Young students invent, it is just their way. When a student adds to someone else's invention idea, telling them about multiple inventors on patents always gets a positive reaction! But really focusing on IP and invention was an unfulfilled promise until I first taught high school. High school students can produce ideas that rival those I heard daily during the pioneer days of personal computing. Over time, my classes began to resemble my early R&D experience. In 1982, I was employed by Tandy Corporation, developer of one of the earliest personal computers, the TRS-80. Tandy couldn’t recruit enough trained developers, so we often hired hobbyists, yet our department was a creative oasis! I would eventually be awarded 20 US patents. But the fact is that the invention process has an uncanny equalizing effect; anyone, at any age, can invent. When I left industry two decades later I still worked with many of these same “untrained” engineers, their names listed alongside mine on US patents. This equalizing effect is both humbling, and very important to our students and ExplorTech’s mission!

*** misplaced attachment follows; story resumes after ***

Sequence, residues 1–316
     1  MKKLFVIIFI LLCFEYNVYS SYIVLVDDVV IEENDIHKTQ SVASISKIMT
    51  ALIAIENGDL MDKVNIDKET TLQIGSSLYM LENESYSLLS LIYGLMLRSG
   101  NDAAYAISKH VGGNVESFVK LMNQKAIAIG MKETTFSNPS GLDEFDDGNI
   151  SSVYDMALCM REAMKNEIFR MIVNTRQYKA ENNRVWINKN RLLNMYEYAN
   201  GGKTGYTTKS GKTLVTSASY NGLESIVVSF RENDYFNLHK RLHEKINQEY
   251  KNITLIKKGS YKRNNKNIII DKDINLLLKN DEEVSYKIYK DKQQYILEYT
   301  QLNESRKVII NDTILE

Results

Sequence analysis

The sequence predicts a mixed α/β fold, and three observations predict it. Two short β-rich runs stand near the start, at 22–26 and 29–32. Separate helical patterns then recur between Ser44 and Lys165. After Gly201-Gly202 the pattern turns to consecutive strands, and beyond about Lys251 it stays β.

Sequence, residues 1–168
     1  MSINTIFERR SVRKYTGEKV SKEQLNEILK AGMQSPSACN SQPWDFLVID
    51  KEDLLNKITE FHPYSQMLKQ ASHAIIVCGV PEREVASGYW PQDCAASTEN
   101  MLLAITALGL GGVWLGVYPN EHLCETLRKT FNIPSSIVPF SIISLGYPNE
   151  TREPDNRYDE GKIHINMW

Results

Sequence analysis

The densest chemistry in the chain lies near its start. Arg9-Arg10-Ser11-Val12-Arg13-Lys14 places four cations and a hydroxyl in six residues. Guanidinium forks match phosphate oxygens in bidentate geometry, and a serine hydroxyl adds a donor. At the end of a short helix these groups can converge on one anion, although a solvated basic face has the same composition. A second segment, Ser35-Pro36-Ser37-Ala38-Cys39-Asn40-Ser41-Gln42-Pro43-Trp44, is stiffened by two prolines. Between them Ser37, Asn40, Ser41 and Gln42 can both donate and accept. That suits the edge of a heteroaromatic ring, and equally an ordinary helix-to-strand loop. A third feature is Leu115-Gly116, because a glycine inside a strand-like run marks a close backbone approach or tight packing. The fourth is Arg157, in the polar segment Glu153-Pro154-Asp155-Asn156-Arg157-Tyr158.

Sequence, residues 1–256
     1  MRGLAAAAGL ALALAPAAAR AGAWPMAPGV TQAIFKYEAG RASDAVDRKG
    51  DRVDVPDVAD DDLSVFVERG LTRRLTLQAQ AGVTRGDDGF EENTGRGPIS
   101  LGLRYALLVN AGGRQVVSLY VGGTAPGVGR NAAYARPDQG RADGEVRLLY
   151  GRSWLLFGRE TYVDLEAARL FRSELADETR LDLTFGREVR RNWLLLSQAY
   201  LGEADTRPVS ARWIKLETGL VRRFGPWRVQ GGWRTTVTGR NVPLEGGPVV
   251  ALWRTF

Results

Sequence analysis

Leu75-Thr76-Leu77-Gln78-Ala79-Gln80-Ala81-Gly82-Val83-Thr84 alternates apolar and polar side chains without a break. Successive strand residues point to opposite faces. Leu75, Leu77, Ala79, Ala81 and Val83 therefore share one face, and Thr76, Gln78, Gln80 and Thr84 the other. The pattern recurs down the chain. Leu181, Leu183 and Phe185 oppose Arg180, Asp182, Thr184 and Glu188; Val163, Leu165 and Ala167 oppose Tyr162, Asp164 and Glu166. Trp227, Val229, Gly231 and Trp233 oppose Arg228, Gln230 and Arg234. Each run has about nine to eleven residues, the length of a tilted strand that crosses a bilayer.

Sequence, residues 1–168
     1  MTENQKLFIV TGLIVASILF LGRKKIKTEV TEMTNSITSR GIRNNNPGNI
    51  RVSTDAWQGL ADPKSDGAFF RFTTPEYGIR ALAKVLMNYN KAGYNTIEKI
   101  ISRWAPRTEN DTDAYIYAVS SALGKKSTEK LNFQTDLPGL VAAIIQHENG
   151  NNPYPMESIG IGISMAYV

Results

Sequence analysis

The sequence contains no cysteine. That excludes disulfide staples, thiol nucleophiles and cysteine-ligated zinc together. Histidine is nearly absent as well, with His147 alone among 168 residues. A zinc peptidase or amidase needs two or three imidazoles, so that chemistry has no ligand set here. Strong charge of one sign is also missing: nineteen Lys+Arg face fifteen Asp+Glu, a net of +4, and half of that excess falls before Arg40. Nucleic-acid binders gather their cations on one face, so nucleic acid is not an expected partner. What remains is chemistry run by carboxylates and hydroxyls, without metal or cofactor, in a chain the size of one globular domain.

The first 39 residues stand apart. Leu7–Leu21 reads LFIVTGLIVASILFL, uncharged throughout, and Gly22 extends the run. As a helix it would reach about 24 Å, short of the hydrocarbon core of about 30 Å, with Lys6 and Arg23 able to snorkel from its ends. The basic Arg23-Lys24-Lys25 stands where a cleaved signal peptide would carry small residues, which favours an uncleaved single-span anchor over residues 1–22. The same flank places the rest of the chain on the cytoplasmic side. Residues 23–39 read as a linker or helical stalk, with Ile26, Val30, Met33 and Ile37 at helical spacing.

ExplorTech is currently supporting Aledo High School's application to be one of the 15 team selected for the 2021-22 Lemelson-MIT InvenTeams program. The final application is due September 7, and if we are selected, the team will receive up to $10,000 to design and build an invention. We have partnered with the Botanical Research Institute of Texas to develop an AI digital imaging product to help them catalog their collection of 1.5 million plant specimens, housed at BRIT's Fort Worth facility adjoining Fort Worth's Botanical Gardens in the cultural district.
Watch this site for more details soon. If you are a North Texas student or educator, and would like to know more about the InvenTeams program and how ExplorTech can support you, please contact us soon.